Tag Archives: song

How the White-Crowned Sparrow changes its tune to be heard through the urban din

Last October, I was invited by Laurel Serieys (a graduate student at UCLA)  to present a paper at The Wildlife Society’s 20th Annual Conference in a symposium on how urbanization can cause wildlife populations to diverge by altering behavioral, physiological, and genetic aspects of populations occurring in cities compared to non-urban areas. This is an emerging field of research as we are beginning to build a better understanding of how different cities are as habitats for many species, and the different ways by which they may adapt to city life – or not. This approach is part of the research strategy which should help explain some of the broader patterns we are observing in the distribution of biodiversity in the world’s cities.

I spoke about the effects of urban noise on bird song, based on the excellent Masters thesis project by my (now former) graduate student Jenny Phillips, who studied migratory White-Crowned Sparrows spending the winter in California’s Central Valley. Jenny has since gone on to a Ph.D. program at Tulane University, working in the lab of Elizabeth Derryberry, who was on her MS thesis committee (and with whom I intend to continue collaborating to extend this research).

Photo of White-Crowned Sparrow sitting in a fence

A white crowned sparrow framed in the demarcated landscapes of California’s Central Valley. Photo by Madhusudan Katti, 2008.

I just remembered that TWS was recording talks and sessions throughout the conference, and went looking to see if my talk was recorded. Indeed it was! So if you are interested in hearing about some of Jenny’s and my work on urban bird song, have a listen to my talk on this page, which shows you my slides coupled with my ghati-accented voice:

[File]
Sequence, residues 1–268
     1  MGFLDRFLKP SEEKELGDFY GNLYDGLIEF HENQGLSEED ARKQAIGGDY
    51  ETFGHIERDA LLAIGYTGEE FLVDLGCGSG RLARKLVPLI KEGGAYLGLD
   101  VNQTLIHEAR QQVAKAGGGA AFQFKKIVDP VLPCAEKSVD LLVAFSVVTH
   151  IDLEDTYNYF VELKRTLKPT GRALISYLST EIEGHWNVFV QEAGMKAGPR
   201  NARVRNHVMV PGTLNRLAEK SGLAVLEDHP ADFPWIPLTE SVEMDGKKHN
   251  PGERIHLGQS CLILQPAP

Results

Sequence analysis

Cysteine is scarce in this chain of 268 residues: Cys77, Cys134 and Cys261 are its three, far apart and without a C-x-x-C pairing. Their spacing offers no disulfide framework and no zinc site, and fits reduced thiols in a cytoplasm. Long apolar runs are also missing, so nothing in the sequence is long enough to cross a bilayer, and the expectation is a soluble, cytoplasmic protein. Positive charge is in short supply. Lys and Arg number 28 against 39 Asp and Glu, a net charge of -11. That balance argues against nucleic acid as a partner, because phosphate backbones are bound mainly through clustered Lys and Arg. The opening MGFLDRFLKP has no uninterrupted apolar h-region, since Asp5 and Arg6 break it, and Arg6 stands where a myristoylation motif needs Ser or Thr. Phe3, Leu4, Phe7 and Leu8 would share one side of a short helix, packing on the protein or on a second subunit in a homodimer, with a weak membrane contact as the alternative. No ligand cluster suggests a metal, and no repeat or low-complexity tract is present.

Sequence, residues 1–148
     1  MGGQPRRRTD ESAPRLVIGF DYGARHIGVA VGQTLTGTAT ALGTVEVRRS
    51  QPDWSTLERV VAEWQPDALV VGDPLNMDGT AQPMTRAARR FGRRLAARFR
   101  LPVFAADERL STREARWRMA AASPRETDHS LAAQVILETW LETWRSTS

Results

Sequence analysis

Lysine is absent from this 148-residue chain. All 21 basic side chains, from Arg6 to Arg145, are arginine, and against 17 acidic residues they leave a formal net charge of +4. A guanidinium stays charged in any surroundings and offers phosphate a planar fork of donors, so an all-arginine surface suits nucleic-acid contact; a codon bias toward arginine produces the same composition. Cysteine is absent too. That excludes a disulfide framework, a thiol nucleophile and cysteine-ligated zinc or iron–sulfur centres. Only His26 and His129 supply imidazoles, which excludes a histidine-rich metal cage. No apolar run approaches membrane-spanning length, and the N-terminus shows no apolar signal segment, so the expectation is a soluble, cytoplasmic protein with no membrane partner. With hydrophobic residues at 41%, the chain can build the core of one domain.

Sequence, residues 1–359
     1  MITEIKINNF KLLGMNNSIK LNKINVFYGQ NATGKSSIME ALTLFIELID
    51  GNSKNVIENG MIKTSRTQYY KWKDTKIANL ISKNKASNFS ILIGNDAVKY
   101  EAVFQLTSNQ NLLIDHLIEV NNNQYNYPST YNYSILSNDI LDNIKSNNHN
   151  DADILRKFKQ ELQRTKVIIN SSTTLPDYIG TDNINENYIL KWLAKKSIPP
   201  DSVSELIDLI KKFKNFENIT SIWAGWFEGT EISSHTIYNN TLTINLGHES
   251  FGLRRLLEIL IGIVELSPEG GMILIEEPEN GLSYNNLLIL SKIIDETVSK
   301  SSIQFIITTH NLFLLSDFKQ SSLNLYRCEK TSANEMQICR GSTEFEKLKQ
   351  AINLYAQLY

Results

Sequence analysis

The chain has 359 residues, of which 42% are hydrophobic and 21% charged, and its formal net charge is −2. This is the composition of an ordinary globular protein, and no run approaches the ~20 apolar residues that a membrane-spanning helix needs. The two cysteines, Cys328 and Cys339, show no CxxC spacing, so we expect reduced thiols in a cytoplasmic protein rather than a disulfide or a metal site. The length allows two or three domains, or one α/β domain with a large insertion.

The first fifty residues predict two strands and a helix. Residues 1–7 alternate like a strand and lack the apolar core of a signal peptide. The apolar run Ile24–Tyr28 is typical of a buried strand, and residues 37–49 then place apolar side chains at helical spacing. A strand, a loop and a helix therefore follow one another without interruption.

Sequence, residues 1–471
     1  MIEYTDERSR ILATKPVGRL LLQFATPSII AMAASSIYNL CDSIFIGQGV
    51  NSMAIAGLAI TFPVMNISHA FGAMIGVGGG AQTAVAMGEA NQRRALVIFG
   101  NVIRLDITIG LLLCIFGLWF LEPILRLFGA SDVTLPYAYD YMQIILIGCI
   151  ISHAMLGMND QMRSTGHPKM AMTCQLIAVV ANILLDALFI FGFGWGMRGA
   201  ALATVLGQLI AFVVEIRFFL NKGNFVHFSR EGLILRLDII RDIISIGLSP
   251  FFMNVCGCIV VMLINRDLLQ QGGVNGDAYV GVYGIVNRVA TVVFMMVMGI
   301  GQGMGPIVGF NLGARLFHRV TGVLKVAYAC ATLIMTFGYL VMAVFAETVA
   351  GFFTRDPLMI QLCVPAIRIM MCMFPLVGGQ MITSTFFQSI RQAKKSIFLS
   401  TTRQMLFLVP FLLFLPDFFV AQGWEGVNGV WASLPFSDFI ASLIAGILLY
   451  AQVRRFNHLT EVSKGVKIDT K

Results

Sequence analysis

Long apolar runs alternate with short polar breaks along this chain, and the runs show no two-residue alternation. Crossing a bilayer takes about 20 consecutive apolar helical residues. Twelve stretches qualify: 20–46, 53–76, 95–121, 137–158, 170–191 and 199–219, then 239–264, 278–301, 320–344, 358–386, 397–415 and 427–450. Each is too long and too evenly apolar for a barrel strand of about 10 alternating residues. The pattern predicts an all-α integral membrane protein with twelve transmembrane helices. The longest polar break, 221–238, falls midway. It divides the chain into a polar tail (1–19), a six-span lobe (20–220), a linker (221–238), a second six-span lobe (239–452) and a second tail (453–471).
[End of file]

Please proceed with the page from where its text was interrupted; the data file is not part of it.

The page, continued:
Singing in the urban din: the effects of anthropogenic noise on song structure in urban birds

Note: the audio had glitches when I tried listening through Safari, but worked fine on Google Chrome; YMMV.

Here’s my abstract for that talk:

Female birds often use male song as an indicator of mate quality; thus the study of song provides insights into reproductive success. Song structure is constrained by the acoustic environment with selection favoring songs that transmit best through available channels given ambient noise and atmospheric conditions. Ecology_specifically those components of the environment that influence sound transmission_thus influences the cultural evolution of songs. One relatively new selection pressure on many birds’ song, is anthropogenic noise, from car traffic as well as industrial machinery and other urban sources. Urban noise resonates at low frequencies and has been shown to influence song frequencies in sedentary populations of song sparrows, great tits, and blackbirds. Increase in ambient noise has also been shown to diminish discriminatory ability in female zebra finches. I first present a brief conceptual overview of the potential and documented effects of urban noise on bird song and behavior. I then share results from ongoing studies of the effects of noise on song in White-crowned Sparrow, Zonotrichia leucophrys gambelii, a long distance migrant wintering in urbanizing areas of central California. Songs and noise were recorded across the urban-rural noise gradient in Fresno-Clovis Metropolitan Area and compared for acoustic differences in frequency and duration. Modulated note components of the song, the buzz and trill, decreased in bandwidth with increasing noise. The duration of the buzz portion can also be predicted by noise and habitat type. This trend towards short, pure tones in noisy areas is likely an adaptation to be better heard through the roar of the city. Playback experiments also found increased latency to respond to territorial simulations under high ambient noise levels. This may contribute to a breakdown of territoriality in urban habitats. Anthropogenic noise is likely to be an important driver of population divergence due to urbanization.